• I agree with the author that this is a problem and the users/customers should not be required to reimage a device after making a purchase. I also agree with some comments that rebooting should not be required. These problems are directly related to the quality of the software and product, the greatest issue is that due to multiple causes and development reasons this has become an accepted norm for consumers. I speak with my purchases by rejecting those that require user intervention, but most consumers are so used to this ordeal that the vendors peddling incomplete wares will continue this trend.
  • I briefly read some of the comments - short version - I believe it is to reassign pointers - addresses - allocations. It has to do with the operating system, version etc. software, memory allocation, memory management ( a lot going on here ) reliability and efficiency... Things simply get lost, corrupted and need to be rewrote, replaced... We are not in a perfect world yet...
  • How complex was the Star-Tac software as opposed to Android Oreo? The reason you didn't have to reset the Star-Tac was because there wasn't that much running to reset. Poor premise, poorer comparison.
  • A writer who does not understand how a computer works hs no business writing as if she/he is an expert. A computer that uses solid state memory, onto which the user can install whatever cr*p they choose, and subjected to a near constant stream of memory-fragmenting app updates, can not be protected from memory fragmentation and storage cell failures. When a smartphone owner does not utilize the automatic backup features offered by Google and Apple to protect both data and apps, he/she should expect to suffer a prolonged outage when the inevitable happens, and the device needs to be wiped and restored. This would be an even more unpleasent experience if the device is lost or stolen. Complaining about what should be a relatively short and simple loss of utility to restore a device to as-good-as-new condition is the kind of whining one might expect from an ignorant Luddite, but not from someone writing for a site that specializes in immature, high-churn technology.
  • Factory resets have become virtually pain free thanks to Google. If my contacts, apps, photos and email weren't stored in the cloud, I'd probably never reset my device.
  • Since nougat(exynos note5) i havent bothered to do a reset for updates that honestly are just the monthly security patches but recently my carrier pushed feb & march security patches out within the same month which seems to have caused it to crash & restart it @ random times
  • Yep, I agree. Had to reset my Note8 after update. The screen showed a reddish hue (like the blue filter was on full power) that I couldn't get rid off. After reset all is fine.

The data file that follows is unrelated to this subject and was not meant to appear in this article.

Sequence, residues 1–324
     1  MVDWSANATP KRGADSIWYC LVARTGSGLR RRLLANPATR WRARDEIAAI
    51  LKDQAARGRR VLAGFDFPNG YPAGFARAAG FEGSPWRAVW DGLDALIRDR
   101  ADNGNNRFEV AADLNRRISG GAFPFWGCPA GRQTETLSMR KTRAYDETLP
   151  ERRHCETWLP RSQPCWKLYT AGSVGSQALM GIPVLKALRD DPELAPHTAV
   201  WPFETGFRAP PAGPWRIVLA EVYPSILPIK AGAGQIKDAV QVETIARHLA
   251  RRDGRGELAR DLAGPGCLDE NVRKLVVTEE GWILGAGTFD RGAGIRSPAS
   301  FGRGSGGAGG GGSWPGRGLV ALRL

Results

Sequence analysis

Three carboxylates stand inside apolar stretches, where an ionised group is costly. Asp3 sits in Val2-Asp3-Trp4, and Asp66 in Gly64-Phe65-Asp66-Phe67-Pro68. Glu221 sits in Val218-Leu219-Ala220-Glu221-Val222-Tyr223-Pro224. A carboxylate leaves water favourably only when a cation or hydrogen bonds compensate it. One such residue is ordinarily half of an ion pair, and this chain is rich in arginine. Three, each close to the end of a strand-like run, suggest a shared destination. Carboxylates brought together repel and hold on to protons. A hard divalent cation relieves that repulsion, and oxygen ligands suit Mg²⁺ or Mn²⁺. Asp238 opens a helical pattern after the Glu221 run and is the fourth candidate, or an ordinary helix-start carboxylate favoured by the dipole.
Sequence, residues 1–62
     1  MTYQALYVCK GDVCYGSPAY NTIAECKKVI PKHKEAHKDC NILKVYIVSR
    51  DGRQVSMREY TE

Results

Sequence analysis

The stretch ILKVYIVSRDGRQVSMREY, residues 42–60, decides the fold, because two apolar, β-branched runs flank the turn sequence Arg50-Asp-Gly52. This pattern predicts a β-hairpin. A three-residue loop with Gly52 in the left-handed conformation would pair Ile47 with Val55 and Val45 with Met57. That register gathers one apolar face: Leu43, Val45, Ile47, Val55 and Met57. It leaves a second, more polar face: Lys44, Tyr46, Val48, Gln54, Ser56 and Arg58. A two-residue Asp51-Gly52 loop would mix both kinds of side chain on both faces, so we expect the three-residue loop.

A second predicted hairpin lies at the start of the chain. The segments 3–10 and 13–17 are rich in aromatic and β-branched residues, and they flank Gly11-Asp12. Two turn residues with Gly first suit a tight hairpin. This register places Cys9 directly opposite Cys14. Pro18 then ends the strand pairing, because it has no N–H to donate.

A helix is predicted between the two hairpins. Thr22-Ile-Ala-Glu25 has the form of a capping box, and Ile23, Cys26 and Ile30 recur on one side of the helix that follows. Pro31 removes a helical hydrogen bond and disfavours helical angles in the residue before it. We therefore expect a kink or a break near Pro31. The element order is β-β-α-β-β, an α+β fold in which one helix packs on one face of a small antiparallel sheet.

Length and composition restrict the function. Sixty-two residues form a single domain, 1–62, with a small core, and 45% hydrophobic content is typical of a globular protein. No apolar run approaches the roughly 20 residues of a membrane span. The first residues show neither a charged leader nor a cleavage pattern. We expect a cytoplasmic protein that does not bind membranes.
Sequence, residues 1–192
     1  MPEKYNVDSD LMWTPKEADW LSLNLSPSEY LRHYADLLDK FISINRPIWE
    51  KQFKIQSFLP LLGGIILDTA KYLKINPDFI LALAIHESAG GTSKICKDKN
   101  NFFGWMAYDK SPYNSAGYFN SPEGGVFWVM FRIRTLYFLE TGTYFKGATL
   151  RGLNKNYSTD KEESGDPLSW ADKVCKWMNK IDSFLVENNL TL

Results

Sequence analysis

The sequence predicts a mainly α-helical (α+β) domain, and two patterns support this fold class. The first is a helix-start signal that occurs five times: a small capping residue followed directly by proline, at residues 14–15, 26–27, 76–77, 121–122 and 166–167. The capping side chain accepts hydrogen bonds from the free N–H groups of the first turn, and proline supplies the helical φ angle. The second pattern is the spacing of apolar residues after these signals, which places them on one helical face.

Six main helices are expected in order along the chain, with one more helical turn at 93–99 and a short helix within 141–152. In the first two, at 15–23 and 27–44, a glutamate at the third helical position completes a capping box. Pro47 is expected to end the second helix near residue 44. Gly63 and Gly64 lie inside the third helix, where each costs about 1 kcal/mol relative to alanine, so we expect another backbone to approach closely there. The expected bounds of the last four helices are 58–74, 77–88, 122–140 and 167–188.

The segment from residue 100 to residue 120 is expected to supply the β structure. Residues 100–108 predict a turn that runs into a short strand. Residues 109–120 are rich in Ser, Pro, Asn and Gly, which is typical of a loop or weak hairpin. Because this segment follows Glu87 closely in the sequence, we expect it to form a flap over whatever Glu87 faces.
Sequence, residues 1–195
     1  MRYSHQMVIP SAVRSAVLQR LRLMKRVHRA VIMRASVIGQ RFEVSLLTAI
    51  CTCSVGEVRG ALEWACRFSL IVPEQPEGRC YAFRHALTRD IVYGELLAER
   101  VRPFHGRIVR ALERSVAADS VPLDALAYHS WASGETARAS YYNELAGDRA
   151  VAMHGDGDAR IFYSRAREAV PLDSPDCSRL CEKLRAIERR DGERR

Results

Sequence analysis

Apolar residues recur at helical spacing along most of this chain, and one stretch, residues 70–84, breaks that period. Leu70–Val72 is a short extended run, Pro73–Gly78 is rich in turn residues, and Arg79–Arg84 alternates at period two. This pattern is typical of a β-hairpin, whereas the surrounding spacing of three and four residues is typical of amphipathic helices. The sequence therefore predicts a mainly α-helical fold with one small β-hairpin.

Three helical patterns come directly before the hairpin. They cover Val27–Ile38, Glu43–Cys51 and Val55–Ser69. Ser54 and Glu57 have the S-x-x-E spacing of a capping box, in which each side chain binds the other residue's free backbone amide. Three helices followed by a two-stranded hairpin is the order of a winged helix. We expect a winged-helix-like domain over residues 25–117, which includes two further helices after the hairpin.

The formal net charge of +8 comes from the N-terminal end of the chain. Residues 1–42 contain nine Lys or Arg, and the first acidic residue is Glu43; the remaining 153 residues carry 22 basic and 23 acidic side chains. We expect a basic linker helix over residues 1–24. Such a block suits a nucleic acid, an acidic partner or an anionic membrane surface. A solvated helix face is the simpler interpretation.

My wife's S8 had some hick-ups that could be fixed by wiping cache partition.
    Overall though I don't mind the reset. Gave me opportunity to clean house.
  • I blame how software seems to be getting pushed out the door much too early these days despite their increasing complexity. I've experienced it all. iOS 11 being a total crapshoot on my iPad until the 11.3 stable build, the Windows 10 FC update causing my PC to BSOD after a while on Forza until later updates fixed it, and a botched Nougat update on my old Moto Z where the damn thing kept overheating even after an FDR. Weirdly, I haven't got issues with Oreo on the Note, but that's probably because I did a reset as soon as it was installed. Regardless, I feel that the quality of all pieces of software has gone downhill.
  • Lol my dad old intel c606 board seems to corrupt w10 partition evertime wu forcefully loaded the chipset drivers. My xb1 on the other hand was beta testing the alpha fall update when fh3 came out it(what a waste ultimate was) crash every 10 mins. or so sadly havent had much time to play it
  • Damn straight Jerry. What are your thoughts on "empty folder cleaner" apps?
  • So true!!
    What are we actually fixing in this instance? May help to determine if you want to take the time verifying EVERY app you are about to put back on. Doing a factory reset & being able to tell immediately before you add any personal options that speed/connection/crash/bug is there....
    Either the supposed "security" patches being installed then updated on a monthly basis are not doing what they are designed for or we are getting faulty products. Why does Microsoft Windows 10 February 2018 come to mind on that idea?
  • Recently I decided to update samsungs weather app didnt work till I put phone in airplane mode then booted to the console menu to clear cache partition then restarted & quickly applied a more recent version was worth the trouble but when I applied the se ui update worked fine till I restarted phone so back to touchwiz I went & back to reorganizing my app list/home screen Would be nice to see samsungs galaxy upcycle program go live